For me, it was the proper pronunciation of names and places. Many times I have read a series only to get to see a movie or listen to an audio version and find out I had mispronounced many peoples name.
Attention to detail is a very big strong point of this authors style, so if you are looking for a book you could literally sink your teeth into, then try it!
The author paced the novel in such a way that, like upon finishing the the first course of a delicious 7-course meal, was satisfying but left enough of an appetite that I eagerly anticipated the next course.
"You can read minds?" Quickly she shook her head. "Nothing as certain as that. Fears, desires. Needs. If I'm not careful, they can overwhelm me..."
With perfect tone and dialect, he narrates each character voice with an exquisite and exotic beauty that hypnotizes the listener transporting them into the story itself; an unseen witness standing just outside its pages yet close enough to experience the events as they unfold.
The Golem, because in so many ways her character parallels human nature at its finest on one end of the spectrum and at its most terrifying on the other.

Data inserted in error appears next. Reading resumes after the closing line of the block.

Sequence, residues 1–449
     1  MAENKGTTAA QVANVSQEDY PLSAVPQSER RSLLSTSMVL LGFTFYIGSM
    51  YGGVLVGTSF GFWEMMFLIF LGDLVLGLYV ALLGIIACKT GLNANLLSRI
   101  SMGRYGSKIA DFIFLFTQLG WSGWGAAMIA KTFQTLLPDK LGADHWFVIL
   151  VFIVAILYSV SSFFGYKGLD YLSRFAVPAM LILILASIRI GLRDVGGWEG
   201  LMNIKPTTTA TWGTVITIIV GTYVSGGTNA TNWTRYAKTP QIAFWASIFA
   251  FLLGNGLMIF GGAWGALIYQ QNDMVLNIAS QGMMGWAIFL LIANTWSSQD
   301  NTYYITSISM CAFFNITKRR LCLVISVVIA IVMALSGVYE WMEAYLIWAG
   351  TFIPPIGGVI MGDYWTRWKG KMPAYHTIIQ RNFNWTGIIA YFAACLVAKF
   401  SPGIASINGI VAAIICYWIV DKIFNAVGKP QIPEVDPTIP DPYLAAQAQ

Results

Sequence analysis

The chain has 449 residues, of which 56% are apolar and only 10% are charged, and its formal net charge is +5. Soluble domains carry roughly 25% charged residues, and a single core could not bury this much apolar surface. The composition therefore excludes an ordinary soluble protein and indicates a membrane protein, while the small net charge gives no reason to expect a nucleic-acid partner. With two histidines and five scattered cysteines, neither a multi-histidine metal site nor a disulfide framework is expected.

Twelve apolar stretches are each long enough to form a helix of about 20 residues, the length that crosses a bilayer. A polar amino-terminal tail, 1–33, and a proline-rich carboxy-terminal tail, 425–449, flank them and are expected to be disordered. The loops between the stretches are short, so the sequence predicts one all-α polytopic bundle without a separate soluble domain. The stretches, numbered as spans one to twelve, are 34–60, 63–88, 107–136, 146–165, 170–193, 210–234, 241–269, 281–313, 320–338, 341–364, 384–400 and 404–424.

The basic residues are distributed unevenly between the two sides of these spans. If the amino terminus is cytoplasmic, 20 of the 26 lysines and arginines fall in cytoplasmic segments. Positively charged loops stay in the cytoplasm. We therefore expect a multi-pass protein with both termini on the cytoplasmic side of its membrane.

By far this is the best novel I have listened/read since Stephen King's novel "Carrie" back in 1983! However, I'm not comparing similarities between the two novels (they're more different than they are alike), but about who I consider to be "Game Changing". authors. Stephen King, (a Trailblazing Novelist) broadened the previous perception of the narrowly-defined, Horror genre by giving it an "Extreme Genre Makeover". His introductory novels "Carrie" and "The Shining" are popularly considered to be the catalyst that ultimately changed the demographic of the Horror-genre audience. His writing expanded and took Horrorbin a whole new direction and transformed it making it appealing to its faithful but small, niche-market and now the newly-won over mass-market. In the same way I believe Helene Wecker has the potential to become the next Trailblazing author starting with her first novel "The Golem and the Jinni". It just may be the springboard that helps expand the horizons of a little-known genre I'd categorize as "Urban-Fantasy".